Skip to comments.Obamacare's FSA Contribution Cap Will Tax Chronic Medical Conditions
Posted on 07/11/2012 1:34:59 PM PDT by 92nina
Flexible Savings Accounts (FSAs) are tax-privileged accounts available to employees through an employer cafeteria health plan. Employees agree to make a fixed annual contribution to the account which will be deducted from their pre-tax salary. This exempts the contribution from income and payroll taxes. That money can then be used to pay for qualified medical expenses incurred by the account holder, his or her spouse, and any other dependents under the age of 27. The contribution amount is currently unlimited, but money left in the account is forfeited every calendar year under the so-called use it or lose it provision.
Obamacare will impose a $2,500 cap on FSA contributions effective January 1, 2013. The cap will be indexed to inflation every year after 2013.
Voluntary, account-based plans like the FSA are utilized by 35 million Americans, and are a multi-billion dollar a year cash cow. Not surprisingly, the government is trying to milk it for tax revenue by imposing a contribution cap.
The $2,500 cap on FSA contributions will increase the tax burden on participants who spend more than the cap amount on qualified medical expenses. Every dollar over the cap amount will be subject to both state and federal taxes.
This tax will not affect the average FSA participant, whose yearly contribution ($1,386 in 2008) is shy of the contribution cap. It will instead hurt the most vulnerable participants: those with extremely high medical expenses.
FSAs are most useful for individuals who have chronic conditions that require regular, costly support and treatment common beneficiaries include diabetics and families with special needs children. The participants most likely to pay this tax, then, will be those with the highest medical burdens. This tax is made even more intolerable when one considers the average income of FSA participants: a solidly middle-class $55,000 in 2008.
Although the FSA cap is indexed to inflation after 2013, it will envelop more participants as time goes on. Insurance premium growth and health care costs consistently outpace inflation by two or three orders of magnitude. This disparity will widen in 2014, as Obamacare is projected to increase premium costs by 7.4% while inflation is expected to remain constant at about 2%. This means that the FSA contribution cap will not rise apace health care costs, ensuring that more participants will have to pay the tax if they want to maintain the same level of care.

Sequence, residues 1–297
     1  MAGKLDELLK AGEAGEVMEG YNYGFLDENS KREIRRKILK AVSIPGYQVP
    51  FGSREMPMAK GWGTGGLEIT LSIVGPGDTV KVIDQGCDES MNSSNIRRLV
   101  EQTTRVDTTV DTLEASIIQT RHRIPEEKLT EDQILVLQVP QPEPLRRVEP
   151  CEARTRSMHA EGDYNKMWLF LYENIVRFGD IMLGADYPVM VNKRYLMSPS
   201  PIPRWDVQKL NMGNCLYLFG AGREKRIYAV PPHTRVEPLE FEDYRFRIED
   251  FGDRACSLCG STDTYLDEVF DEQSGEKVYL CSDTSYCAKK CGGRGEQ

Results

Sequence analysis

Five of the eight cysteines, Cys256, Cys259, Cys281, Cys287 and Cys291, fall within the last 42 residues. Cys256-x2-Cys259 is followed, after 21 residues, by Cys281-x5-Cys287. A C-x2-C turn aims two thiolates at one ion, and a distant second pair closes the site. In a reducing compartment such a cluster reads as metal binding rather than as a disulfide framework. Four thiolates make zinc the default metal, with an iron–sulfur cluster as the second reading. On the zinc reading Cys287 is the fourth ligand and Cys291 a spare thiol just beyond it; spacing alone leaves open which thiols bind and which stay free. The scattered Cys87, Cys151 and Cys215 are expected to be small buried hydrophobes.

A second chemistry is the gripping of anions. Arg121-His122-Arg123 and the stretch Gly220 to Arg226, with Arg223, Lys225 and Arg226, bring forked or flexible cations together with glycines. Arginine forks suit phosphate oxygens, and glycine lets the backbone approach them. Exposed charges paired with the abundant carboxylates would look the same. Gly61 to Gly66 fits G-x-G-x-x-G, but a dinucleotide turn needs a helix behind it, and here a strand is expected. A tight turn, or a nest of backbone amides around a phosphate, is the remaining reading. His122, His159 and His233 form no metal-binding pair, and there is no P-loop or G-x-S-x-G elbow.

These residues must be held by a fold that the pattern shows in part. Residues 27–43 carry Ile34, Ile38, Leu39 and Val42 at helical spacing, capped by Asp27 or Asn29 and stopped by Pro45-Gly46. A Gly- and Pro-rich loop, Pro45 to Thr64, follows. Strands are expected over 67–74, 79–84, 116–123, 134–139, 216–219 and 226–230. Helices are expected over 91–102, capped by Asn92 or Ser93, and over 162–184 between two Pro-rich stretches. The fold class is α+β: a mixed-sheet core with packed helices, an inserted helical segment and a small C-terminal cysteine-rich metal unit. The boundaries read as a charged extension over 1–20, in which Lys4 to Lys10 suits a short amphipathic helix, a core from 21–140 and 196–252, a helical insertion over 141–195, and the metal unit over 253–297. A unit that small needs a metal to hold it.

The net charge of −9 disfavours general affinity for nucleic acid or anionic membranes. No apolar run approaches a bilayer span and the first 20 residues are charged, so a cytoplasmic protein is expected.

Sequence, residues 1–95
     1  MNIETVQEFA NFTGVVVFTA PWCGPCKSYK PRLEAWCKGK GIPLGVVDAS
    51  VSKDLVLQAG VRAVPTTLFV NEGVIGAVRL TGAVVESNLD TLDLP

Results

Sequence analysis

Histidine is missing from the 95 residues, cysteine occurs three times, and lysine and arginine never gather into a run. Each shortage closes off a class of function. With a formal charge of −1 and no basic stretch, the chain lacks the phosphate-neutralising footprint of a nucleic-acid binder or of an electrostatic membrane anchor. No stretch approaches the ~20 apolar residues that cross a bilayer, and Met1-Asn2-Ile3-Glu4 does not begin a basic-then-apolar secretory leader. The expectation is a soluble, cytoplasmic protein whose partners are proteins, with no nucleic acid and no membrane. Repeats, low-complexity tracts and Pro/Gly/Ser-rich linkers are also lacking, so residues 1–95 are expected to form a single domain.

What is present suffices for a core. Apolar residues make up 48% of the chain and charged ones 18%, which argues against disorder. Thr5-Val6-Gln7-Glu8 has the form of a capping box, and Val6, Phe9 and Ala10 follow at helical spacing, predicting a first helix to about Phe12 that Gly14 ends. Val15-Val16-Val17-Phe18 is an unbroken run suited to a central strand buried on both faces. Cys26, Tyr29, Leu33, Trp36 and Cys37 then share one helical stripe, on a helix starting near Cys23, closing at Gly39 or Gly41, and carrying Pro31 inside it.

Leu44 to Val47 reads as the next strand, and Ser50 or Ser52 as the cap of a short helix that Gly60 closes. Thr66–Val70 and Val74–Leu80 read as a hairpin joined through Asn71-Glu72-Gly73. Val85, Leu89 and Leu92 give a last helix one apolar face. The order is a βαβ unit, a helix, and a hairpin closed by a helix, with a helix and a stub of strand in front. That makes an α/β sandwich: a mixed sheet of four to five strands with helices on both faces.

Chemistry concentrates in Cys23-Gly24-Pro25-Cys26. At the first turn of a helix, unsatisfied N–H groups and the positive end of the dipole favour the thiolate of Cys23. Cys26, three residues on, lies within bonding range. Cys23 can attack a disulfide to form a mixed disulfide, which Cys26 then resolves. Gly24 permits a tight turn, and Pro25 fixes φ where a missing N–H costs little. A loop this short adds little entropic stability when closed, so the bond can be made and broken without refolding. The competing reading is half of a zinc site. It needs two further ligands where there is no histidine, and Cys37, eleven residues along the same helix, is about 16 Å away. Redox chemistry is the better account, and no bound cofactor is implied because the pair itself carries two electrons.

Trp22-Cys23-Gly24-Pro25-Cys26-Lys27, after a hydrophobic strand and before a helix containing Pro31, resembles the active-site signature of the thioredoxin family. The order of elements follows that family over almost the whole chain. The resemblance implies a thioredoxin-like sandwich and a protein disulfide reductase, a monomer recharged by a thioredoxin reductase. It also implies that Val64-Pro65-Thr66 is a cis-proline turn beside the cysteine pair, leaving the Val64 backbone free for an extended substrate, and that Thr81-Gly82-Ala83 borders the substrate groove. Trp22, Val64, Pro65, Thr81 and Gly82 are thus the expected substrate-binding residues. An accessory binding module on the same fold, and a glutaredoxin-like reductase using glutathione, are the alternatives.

The FSA cap is a revenue raising tactic that will hit the wallets of Americans with serious medical needs. It is unacceptable for it to be paraded as a component of healthcare reform.
10-Year Cost to Taxpayers
Joint Committee on Taxation: $13 billion
Read more: http://atr.org/obamacares-fsa-contribution-cap-tax-chronic-a7031#ixzz20LeAzaNR
-13,000+ pages of regs that are now LAW.
-159 agecies to be up and operational
0IPAB rationing/death care panels
-16,000 IRS enforcement agents, some of whom are ARMED
-The ability to make law as whatever nthe HHS Secretary deems. DEEMS?!!
-A BUREAUCRAT can now imprison or otherwise economically SANCTION physicians on an individuals health care if the State does not agree/the BUREAUCRAT does not approve.
-You PAY for not buying it.
-Your bank accounts will be monitored and DOCKED for non-compliance.
Oh. And I forgot. 1% TAX on EVERY, as in E V E R Y, financial transaction. Let that sink in.
You tell anyone you meet that these things are actually in the so-called 0bamacare law. Who would approve of this? WHO?
Start watching when you go out. How many older or disabled people do you see out and about or alone anymore?
25mm dead Americans is so 1970s. Go ahead. Think BIG. The progs have.
Fortunately, the 1% FTT is only rumor.
If I had kids of the right qualifications, I’d definitely tell them to apply for one of those new IRS jobs, although I’m sure it will be a land rush for them given the lack of alternatives due to the Baraqqi Depression.
Also this law is guaranteed to be a “full employment” bill for high priced attorneys.
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